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Nucleic Acids Res. 1997 Nov 1;25(21):4408-15.

Sequence walkers: a graphical method to display how binding proteins interact with DNA or RNA sequences.

Author information

1
National Cancer Institute, Frederick Cancer Research and Development Center, Laboratory of Mathematical Biology, Frederick, MD 21702-1201, USA.

Erratum in

  • Nucleic Acids Res 1998 Feb 15;26(4):following 1134.

Abstract

A graphical method is presented for displaying how binding proteins and other macromolecules interact with individual bases of nucleotide sequences. Characters representing the sequence are either oriented normally and placed above a line indicating favorable contact, or upside-down and placed below the line indicating unfavorable contact. The positive or negative height of each letter shows the contribution of that base to the average sequence conservation of the binding site, as represented by a sequence logo. These sequence 'walkers' can be stepped along raw sequence data to visually search for binding sites. Many walkers, for the same or different proteins, can be simultaneously placed next to a sequence to create a quantitative map of a complex genetic region. One can alter the sequence to quantitatively engineer binding sites. Database anomalies can be visualized by placing a walker at the recorded positions of a binding molecule and by comparing this to locations found by scanning the nearby sequences. The sequence can also be altered to predict whether a change is a polymorphism or a mutation for the recognizer being modeled.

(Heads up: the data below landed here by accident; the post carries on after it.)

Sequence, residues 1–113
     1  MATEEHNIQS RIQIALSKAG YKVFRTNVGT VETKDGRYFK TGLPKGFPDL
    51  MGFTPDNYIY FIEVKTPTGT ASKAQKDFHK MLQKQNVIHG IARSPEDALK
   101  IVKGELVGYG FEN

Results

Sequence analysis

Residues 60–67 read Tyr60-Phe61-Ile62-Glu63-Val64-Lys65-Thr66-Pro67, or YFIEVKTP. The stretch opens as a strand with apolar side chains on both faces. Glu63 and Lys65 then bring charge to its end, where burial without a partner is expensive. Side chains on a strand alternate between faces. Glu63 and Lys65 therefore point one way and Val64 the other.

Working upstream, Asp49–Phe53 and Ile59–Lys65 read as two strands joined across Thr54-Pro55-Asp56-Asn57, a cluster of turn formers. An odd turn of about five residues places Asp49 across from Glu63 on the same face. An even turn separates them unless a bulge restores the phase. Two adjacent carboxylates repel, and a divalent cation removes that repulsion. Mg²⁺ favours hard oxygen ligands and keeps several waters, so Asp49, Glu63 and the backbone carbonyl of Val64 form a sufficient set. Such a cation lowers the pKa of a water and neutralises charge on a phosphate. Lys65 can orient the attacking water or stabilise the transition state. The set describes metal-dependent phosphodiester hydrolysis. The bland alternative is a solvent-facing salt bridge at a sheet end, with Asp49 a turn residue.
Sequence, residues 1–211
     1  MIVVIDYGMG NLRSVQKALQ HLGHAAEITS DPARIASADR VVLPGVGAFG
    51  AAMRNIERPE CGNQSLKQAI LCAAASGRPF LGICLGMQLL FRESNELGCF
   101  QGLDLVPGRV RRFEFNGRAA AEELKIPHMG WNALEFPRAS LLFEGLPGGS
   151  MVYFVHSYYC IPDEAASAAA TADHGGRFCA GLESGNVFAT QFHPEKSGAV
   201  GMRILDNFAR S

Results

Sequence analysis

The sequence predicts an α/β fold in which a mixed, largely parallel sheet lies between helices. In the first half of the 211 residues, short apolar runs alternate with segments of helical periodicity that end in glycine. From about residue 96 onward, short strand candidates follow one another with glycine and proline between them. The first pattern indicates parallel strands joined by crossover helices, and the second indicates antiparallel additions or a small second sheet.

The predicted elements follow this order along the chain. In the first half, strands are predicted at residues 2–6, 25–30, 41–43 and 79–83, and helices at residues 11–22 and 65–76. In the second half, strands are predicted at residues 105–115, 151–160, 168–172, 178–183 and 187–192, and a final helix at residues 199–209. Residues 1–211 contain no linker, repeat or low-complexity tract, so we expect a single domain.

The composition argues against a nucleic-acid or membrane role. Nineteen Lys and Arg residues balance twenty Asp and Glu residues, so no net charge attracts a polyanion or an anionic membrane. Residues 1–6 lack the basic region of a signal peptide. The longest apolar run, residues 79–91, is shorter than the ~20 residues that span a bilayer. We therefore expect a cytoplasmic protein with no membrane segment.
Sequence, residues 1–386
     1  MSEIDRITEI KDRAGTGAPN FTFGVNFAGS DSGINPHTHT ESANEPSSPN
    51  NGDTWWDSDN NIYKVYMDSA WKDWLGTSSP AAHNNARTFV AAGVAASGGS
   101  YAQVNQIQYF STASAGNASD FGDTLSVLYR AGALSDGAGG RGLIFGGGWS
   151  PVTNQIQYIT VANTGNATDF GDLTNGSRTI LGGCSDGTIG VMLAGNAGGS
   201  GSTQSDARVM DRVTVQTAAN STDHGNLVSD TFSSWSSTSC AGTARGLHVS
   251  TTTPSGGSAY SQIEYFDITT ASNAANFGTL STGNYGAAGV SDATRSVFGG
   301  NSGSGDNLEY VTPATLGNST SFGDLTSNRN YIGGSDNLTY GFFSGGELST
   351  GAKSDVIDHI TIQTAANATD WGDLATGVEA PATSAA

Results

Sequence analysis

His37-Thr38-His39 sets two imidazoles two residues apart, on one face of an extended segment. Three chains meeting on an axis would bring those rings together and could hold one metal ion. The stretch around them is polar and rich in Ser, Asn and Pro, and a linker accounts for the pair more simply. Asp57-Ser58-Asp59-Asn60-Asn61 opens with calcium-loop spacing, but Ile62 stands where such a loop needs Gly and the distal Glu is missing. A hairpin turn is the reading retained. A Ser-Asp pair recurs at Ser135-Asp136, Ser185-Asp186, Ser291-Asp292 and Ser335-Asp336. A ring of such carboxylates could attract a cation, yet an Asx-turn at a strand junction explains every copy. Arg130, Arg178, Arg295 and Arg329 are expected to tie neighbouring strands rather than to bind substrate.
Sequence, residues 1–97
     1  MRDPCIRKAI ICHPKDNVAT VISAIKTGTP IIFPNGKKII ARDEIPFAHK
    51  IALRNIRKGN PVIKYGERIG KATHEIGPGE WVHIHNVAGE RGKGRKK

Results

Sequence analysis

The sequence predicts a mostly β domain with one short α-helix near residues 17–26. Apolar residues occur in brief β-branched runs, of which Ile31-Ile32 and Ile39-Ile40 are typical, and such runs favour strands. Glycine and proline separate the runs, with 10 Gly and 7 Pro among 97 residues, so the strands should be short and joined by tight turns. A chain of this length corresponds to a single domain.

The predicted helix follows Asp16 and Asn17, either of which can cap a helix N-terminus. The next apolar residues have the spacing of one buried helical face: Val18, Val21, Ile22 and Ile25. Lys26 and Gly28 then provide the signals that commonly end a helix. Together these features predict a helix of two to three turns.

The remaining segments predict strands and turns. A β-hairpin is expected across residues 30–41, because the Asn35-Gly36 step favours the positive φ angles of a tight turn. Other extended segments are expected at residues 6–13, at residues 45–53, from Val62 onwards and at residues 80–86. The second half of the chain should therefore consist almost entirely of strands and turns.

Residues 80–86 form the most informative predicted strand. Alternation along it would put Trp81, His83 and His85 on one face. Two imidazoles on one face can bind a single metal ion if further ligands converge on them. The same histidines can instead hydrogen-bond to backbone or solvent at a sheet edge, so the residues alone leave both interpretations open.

PMID:
9336476
PMCID:
PMC147041
DOI:
10.1093/nar/25.21.4408
[Indexed for MEDLINE]
Free PMC Article

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